This manual was written during the summer of 1995. The primary author, Julie Reed, was interning at the Georgetown University Volunteer and Public Service Center at the time.
“Reflection” is a vital component of service-learning. This manual was designed for educators and leaders of service groups who have an interest and a commitment to provide reflection opportunities for students and community partners alike. College professors, K-12 teachers, community organization leaders, and leaders of service organizations have all found, “Facilitating Reflection: A Manual for Leaders and Educators,” a useful supplement to their work.
Understanding facilitation begins with an awareness of the difference between facilitating and leading. It has been said that leadership is something you do to a group, while facilitation is something you do with a group.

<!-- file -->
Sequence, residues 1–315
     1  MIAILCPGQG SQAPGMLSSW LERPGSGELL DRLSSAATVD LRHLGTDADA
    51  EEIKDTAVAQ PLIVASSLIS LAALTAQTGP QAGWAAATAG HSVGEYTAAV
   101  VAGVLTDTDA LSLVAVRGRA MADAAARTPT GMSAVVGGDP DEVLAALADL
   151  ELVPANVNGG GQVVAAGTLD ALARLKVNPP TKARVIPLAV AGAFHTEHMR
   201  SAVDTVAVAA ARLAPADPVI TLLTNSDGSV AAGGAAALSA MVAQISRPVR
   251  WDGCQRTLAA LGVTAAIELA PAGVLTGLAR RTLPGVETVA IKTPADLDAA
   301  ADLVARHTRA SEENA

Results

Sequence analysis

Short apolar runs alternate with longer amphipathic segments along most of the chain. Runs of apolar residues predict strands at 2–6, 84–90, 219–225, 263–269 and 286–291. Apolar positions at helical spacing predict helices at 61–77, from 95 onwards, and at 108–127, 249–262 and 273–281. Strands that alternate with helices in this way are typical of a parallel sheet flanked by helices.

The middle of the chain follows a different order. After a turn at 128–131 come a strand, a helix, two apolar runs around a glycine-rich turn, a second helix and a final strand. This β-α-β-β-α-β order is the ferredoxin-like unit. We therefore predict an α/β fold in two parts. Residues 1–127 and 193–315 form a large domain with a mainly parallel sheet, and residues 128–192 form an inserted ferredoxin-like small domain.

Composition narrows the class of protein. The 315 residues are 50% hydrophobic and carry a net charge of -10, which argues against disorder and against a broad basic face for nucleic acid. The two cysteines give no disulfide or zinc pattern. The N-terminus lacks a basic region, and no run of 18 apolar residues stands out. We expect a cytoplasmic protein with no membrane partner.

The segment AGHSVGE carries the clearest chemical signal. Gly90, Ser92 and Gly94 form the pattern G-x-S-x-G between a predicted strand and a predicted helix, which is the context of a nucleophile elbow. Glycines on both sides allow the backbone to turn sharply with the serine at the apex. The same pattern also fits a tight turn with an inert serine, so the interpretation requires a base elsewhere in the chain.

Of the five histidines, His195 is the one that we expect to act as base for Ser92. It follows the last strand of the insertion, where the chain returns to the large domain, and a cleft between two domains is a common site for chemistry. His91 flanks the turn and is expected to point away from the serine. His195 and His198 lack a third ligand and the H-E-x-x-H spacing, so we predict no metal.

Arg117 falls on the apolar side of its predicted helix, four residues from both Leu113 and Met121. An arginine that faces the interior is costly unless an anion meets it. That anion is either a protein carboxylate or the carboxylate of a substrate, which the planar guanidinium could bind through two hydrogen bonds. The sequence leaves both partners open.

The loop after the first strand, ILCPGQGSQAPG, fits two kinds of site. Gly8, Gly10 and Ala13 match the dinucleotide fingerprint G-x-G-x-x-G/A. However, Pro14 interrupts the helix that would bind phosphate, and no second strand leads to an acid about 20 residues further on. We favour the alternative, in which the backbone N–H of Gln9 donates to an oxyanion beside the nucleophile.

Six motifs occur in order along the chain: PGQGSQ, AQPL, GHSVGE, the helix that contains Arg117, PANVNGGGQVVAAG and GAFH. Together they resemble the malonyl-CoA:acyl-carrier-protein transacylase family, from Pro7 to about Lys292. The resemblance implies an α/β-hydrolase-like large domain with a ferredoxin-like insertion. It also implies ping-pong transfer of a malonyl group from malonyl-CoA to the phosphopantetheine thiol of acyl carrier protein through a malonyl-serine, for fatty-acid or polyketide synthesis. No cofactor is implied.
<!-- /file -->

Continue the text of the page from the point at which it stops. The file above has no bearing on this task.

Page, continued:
Although many leaders can (and should) be effective facilitators, the facilitator differs from a leader in that the former is cognizant about the use of power, authority, or control and places limitations on uses of it. A facilitator should be “a neutral mediator whose job is to provide information and accommodate the exchange of dialogue among … participants”
View the whole guide at: http://www.uvm.edu/~dewey/reflection_manual/